COMMENT:

I was recently asked if I knew of a Māori language translation of "feminist". "Mana wāhine" is now a fairly well-known term, which speaks of the unique power, spiritual essence and mana of women.

To me, that term is able to encompass feminist concepts, but I see mana wāhine and feminism as sitting in a Venn diagram —​ there are areas of convergence, but also distinct areas of difference.

As for "feminist", I found the term "kaikōkiri mana wāhine", which literally means "an advocate, champion" of mana wāhine.

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A feminist as an advocate for mana wāhine works for me, as long as the concept of mana is deeply understood.

Mana recognises the individual essence of a person, the generations of ancestors it took to produce this one, utterly unique person.

Respect for the mana of all people breeds equality, because if we want to enhance the mana of females and males, we naturally value them both equally.

Mana wāhine is embedded in Māori world view. Our creation narratives speak of the specific power and qualities of female deities such as Papatūānuku, the earth mother, who had a loving relationship with Ranginui, the sky father.

The first human, in Māori beliefs, was a woman: Hineahuone. A woman gave the first breath of life, instigated by the male god, Tāne.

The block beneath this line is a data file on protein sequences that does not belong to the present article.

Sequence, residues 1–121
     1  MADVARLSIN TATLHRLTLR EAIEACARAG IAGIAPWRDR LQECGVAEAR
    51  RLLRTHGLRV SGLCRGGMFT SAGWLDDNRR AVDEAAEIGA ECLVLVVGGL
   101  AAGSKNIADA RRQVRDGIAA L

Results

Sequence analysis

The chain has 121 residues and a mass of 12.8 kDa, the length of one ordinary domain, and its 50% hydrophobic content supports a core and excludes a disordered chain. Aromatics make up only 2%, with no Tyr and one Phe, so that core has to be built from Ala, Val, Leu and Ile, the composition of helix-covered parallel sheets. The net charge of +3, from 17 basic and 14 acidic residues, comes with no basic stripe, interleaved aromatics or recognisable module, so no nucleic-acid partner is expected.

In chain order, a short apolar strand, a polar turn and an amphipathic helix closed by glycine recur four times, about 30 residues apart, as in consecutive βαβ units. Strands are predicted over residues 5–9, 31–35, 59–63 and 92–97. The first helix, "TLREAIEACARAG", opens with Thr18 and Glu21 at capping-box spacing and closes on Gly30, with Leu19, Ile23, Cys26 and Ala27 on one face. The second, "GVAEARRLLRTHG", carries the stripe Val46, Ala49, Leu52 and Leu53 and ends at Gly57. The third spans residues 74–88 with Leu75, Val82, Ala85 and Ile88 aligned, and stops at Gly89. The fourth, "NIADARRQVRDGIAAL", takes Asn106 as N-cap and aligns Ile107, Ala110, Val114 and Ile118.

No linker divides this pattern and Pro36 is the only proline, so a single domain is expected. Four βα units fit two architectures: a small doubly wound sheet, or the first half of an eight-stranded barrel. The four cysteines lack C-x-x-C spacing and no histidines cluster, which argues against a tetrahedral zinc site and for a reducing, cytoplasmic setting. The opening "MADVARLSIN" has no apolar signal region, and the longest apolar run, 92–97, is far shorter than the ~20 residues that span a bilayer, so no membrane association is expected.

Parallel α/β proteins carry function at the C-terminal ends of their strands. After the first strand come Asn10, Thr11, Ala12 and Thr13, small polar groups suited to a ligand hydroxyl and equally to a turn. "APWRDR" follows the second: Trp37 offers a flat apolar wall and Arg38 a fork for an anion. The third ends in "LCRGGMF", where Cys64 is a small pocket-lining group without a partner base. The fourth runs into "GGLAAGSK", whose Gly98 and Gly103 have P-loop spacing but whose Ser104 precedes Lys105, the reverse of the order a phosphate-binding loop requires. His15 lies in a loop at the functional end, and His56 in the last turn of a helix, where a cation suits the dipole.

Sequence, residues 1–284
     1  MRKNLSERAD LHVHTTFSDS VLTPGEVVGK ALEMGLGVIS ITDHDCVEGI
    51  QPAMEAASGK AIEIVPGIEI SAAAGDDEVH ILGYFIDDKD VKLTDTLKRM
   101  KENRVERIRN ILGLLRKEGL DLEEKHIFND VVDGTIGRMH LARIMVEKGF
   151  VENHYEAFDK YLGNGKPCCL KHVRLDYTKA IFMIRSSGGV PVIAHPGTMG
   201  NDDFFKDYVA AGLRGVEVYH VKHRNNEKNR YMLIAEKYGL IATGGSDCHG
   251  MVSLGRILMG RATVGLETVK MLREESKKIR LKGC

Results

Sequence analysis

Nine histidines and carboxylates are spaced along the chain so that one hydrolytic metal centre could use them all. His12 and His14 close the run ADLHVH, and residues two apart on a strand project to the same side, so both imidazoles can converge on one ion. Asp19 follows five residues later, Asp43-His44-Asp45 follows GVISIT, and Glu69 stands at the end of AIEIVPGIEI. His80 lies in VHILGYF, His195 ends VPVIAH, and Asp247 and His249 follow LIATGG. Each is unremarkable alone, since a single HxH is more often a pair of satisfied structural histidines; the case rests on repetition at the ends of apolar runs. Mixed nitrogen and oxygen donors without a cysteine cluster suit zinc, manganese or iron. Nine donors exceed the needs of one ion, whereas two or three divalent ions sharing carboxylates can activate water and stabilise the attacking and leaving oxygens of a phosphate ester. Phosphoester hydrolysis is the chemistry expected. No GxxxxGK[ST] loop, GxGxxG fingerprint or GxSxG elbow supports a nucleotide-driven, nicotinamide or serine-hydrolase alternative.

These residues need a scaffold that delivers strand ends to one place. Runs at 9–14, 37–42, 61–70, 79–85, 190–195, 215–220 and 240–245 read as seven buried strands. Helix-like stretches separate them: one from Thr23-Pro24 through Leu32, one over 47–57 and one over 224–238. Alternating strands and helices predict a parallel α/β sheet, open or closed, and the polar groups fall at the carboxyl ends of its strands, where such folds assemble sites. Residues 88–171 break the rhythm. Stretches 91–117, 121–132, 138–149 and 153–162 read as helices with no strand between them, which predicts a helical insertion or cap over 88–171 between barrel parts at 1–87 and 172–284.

Their daughter Hine-tītama was the dawn maiden, who became Hine-nui-te-pō, the goddess and guardian of the underworld.

The affirmation of the spiritual power and charisma of women is threaded through our narratives, and our tikanga, as is the natural order and balance of men and women. It's when things get out of balance, and the mana of each person is not recognised, that we have problems!

I consider myself a feminist, and I am also a champion of mana wāhine —​ not just for me, but for my daughters, sisters and fellow women.

As I mentioned though, the Venn diagram means I don't believe feminism and mana wāhine are completely the same, or offer the same experiences, or relevance for all women.

I'm used to walking in (at least) two worlds. I'm proudly both Māori and Pākehā.

That duality means my feminist self knows there are aspects of being a Māori woman that are different, and require an energy, and a fight that not all my feminist sisters will experience, or necessarily understand.

As an indigenous minority, a woman of dual heritage, I'm used to not being naturally included in a natty definition of feminism.

When you recognise the mana and difference of other women, we can see where our battles converge, and where we need to work harder to understand each other.

A friend, the artist Rebecca Te Borg, asked me for a statement for her artwork for the suffrage celebrations.

We came up with "Maimoatia te karanga a te mokorā": "Respect the call of the female robin".

The mokorā/female robin has a soft call, it's not famous or renowned like the tūī. But its distinct voice is to be respected. Listen out for the voice that is often not heard.